Ayesha Sultana, Installation view of Breath Count XXI, XXII, XXIII (2021). Shown in Notations on Time at Ishara Art Foundation, 2023. Image courtesy of Ishara Art Foundation and the artist. Photo by Ismail Noor/Seeing Things.

 

AN: The exhibition challenges western notions of linearity, progress, and capitalist domination. How do the artists in the exhibition offer alternative ontological systems for thinking about aesthetics, existence, remembrance, and futurity?

SP: This exhibition arose from a need to visualise time in non-linear terms—as three-dimensional, sculptural even, with several internal pathways linked through entranceways and exits. I have always been interested in time being multiple, archaeological, palimpsestic, given my initial training in Indian philosophy and aesthetics. I have been inspired by ancient Buddhist sites such as those at Sanchi (India) and Borobudur (Java) as well as Rajput miniature paintings and how the trope of ‘continuous narrative’ enabled painters to convey the passage of time within a single wasli folio. I also studied Hindustani classical music for over a decade and have always been interested in mythology, song, and oral traditions of storytelling.

Zarina, Detail view of The Ten Thousand Things III (2016). Shown in Notations on Time at Ishara Art Foundation, 2023. Image courtesy of Ishara Art Foundation and the artist. Photo by Ismail Noor/Seeing Things.

 

AN: The exhibition includes works loaned from private collections. Can you tell us about the process of acquiring these works and how they contribute to the exhibition’s overall narrative?

Several artworks on view in the exhibition have been drawn from the collection of Ishara’s founder and patron, Smita Prabhakar. We have also borrowed works from the artists courtesy of their representative galleries. In the few instances where we have borrowed works from private collections, this has been determined by seeking very particular artworks by artists we wanted in the exhibition, such as by Anoli Perera, Jangarh Singh Shyam, and Jagdish Swaminathan. In the case of Anoli Perera, she is a leading contemporary artist from Sri Lanka who belongs to the same generation of interlocuters in the country as Chandraguptha Thenuwara—neither of their practices are commonly seen in Dubai or the UAE, so this was an opportunity for us to cast the net wider. We also wanted to set up certain discussions around artists who have influenced or inspired one another across generations, such as J. Swaminathan and Jangarh Singh Shyam, Lala Rukh and Mariah Lookman, and Ladhki Devi and Rajesh Vangad.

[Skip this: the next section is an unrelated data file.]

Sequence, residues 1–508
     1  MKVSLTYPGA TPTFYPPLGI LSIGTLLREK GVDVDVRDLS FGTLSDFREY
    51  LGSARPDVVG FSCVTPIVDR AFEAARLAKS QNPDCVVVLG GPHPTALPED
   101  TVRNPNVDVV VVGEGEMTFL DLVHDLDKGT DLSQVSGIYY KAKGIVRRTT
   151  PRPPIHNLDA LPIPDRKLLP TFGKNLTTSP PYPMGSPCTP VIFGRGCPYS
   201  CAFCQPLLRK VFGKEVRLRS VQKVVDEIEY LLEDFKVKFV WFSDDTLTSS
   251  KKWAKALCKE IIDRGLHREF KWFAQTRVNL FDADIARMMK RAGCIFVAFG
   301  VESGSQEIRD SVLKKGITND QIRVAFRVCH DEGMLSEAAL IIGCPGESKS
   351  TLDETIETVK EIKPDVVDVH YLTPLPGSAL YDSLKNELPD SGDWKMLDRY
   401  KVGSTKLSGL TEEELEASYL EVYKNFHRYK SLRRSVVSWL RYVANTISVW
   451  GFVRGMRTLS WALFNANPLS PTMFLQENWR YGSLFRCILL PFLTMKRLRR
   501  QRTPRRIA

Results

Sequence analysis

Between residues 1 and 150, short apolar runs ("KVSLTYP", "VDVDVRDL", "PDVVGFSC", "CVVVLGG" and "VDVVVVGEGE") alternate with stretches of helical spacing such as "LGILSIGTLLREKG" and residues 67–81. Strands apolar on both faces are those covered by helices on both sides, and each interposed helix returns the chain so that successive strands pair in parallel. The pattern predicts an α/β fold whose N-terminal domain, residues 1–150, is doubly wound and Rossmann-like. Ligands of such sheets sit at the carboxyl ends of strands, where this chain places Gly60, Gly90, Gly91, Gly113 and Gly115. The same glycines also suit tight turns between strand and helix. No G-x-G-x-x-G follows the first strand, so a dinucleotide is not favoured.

Haroon Mirza, Detail view of Light Work xlix (2022). Shown in Notations on Time at Ishara Art Foundation, 2023. Image courtesy of Ishara Art Foundation and the artist. Photo by Ismail Noor/Seeing Things.

 

Notations on Time

Location: Ishara Art Foundation

Duration: January 18- May 20, 2023